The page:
These panels, which I have been seeing all over the place with no attribution of artist or issue number (tssk, tssk) are taken from Aquaman Meets Aquagirl!, scripted by Robert Bernstein and illustrated by Ramona Fradon, and published in Adventure Comics no. 266 (November 1959, DC). Of course Topo, Aquaman’s pet octopus, is adorable as well as talented, and probably deserves his own post… but in the meantime, he has to share space with Aquaman’s other tentacled encounters.

Speaking of Topo… he’s been getting some attention recently, and unsurprisingly his musical talent is involved:

Page from Heroes of the High Seas (January 2011, Picture Window Books), scripted by J.E. Bright and illustrated by Art Baltazar. « Capstone Publishers and DC Comics have joined forces to produce a new children’s books series, DC Super-Pets. The series will focus on the super-powered pets of heroes like Superman, Aquaman, Wonder Woman, Batman, and Green Lantern… »
Page from The Swinging Superman!, scripted by Otto Binder, pencilled by Curt Swan and inked by George Klein, and published in Superman’s Pal, Jimmy Olsen no. 88 (October 1965, DC).

And to prove that octopuses dig LPs, too, I’ll include this nifty poster:

Poster by Sébastien Feraut (known as Niark1), a French illustrator. Visit his website!

On a connected subject, I heartily recommend this Soviet cartoon, which involves all manner of sea-creatures (yes, including several octopuses!) playing all sorts of instruments – don’t worry, it has subtitles in English.

Merry Xmas, folks!

A splendid seasonal piece by Taly Reznik!
And finally — hope you’ve remembered to mail out all your Unholiday cards! Never forget that the ever-vigilant Cyäegha has its eye on you! [ artist unknown… so far ]

☆ ds

Even More Playboy Cartoons for a Festive Mood!

« Aren’t we forgetting the true meaning of Christmas. You know, the birth of Santa? » – Matt Groening

We’re back with another piping hot batch of Holiday cartoons from the pages of Playboy. I have striven mightily to represent most of the big guns (Kiraz and Smilby are among the missing — better luck next year, gents!) whilst keeping it to a tidy, cherry-picked dozen. One can only take so many ‘Randy Santa’ gags, even when they’re lavishly illustrated… that’s only a fraction of the culling process.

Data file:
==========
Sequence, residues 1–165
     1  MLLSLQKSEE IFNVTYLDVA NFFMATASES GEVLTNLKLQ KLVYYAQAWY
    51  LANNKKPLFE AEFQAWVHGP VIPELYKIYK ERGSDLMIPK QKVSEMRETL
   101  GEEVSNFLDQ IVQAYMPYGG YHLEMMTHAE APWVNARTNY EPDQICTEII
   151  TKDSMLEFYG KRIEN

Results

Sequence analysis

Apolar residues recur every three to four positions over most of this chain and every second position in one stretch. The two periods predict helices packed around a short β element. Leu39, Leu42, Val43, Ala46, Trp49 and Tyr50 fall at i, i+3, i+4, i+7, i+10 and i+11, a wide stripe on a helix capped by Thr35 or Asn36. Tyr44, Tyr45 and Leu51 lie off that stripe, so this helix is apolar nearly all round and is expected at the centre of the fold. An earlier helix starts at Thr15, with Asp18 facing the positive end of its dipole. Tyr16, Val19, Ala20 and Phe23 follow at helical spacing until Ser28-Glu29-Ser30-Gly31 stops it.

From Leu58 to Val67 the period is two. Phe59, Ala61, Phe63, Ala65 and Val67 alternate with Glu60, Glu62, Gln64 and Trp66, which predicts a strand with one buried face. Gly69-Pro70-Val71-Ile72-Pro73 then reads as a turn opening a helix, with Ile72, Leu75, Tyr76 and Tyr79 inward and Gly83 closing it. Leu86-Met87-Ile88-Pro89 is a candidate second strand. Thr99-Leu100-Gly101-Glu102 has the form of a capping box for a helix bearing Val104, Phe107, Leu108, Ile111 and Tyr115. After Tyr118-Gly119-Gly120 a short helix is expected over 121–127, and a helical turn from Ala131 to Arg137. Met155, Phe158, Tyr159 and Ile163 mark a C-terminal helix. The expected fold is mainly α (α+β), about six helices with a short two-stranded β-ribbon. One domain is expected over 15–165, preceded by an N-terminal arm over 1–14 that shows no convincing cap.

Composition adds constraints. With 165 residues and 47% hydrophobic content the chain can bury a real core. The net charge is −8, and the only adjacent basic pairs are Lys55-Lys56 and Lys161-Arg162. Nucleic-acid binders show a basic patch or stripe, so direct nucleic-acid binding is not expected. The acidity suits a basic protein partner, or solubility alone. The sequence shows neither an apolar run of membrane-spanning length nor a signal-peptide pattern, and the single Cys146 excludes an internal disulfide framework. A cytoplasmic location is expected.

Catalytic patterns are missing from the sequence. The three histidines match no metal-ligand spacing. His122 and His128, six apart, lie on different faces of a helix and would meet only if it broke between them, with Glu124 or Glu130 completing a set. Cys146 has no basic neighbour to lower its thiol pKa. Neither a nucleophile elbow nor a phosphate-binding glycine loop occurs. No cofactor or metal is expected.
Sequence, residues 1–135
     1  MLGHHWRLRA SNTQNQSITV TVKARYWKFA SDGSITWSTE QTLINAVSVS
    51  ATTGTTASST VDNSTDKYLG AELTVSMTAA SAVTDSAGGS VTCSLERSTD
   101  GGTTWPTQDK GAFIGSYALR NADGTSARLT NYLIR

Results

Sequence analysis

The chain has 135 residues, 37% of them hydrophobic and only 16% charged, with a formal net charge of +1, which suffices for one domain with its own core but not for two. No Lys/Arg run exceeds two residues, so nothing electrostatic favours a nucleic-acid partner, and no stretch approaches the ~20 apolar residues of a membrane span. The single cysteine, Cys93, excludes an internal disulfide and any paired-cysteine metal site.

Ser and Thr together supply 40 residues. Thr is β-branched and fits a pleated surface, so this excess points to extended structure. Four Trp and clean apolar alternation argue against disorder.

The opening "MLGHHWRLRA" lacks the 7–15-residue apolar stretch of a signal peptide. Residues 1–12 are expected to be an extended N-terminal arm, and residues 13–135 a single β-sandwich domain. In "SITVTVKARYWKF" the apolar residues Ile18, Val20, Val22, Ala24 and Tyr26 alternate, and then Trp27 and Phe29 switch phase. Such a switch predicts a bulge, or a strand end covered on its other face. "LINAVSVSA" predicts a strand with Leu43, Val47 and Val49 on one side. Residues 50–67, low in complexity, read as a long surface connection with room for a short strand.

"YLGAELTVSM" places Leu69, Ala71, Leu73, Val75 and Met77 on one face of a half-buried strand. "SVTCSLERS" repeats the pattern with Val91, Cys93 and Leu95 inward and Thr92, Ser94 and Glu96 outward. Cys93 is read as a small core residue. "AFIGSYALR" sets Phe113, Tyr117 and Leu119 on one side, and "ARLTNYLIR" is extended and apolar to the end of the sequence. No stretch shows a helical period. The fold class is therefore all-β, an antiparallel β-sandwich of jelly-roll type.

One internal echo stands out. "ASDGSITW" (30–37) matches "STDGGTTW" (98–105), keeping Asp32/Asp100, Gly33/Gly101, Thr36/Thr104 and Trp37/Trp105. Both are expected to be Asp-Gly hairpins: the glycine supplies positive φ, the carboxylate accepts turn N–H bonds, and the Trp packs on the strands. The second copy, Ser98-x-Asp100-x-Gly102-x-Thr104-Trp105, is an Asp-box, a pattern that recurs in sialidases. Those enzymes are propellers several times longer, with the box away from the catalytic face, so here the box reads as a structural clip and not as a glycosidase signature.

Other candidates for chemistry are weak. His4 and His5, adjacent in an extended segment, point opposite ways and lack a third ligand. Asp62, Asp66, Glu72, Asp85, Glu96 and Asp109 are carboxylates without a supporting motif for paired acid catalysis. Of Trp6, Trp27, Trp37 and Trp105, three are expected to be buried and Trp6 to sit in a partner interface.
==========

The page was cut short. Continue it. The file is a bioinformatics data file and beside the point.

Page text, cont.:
An early one by John Dempsey (1919-2002); it appeared in Playboy’s January, 1961 issue (what gave it away?)
Austrian master Erich Sokol (1933-2003) shared his playful erotic visions with the readers of Playboy from 1958 to 1975, when he returned to his homeland, and again from 1992 until his passing. This one’s pleasantly gentle and understated.
Readers of this blog will already know that Leo ‘Dink’ Siegel (1910-2003) is a favourite of mine. I showcased some of his Playboy work last year in Dink Siegel’s Swingin’ Roommates. Now *this* particular bit of impending marital strife and comeuppance appeared in the January, 1972 issue of the magazine.
Mighty Texan Rowland B. Wilson (1930-2005) was a dazzlingly-skilled illustrator and animator, as evidenced by this late-70s piece. His association with the magazine was long and fruitful. To wit, « on the day of his death, a sketch for a new Playboy cartoon still lay on his drawing board. »
Second only to Saucy Santa jokes were the Scrooge sex jokes. But Eldon Dedini (1921-2006) really nails this one, from the pages of Playboy’s December, 1980 edition. And for your further edification, here’s my co-admin ds’ fond salute to this lovely, talented man.
Sure, we love Bernard Kliban (1935-1990)’s cats, but I’m frankly more partial to his anarchic, surreal, free-form wit. This sweet slice of… well, just desserts saw print in Playboy’s December, 1981 delivery.
Hardly-frosty Ontarian Doug Sneyd (1931–) has his go at Charles Dickens’ moral fable, with pretty solid (or so Ebezener hopes!) results. Mr. Sneyd knows his antiques, that’s evident.
Dog aficionados everywhere best know Charles Barsotti (1933-2014) for his canine cartoons. This habitué of The New Yorker magazine (from 1970) also created several comics strips, was cartoon editor of The Saturday Evening Post, and generally a hard-working, genial man of tremendous talent. This lovely panel was buried near the back of Playboy’s December, 1982 issue.
Phil Interlandi (1924-2002) sold his first cartoon to Playboy in 1955, just a couple of years into the magazine’s existence. He soon had earned his permanent spot in the roster. Here he contributes his bit of Dickensian sauciness to the canon.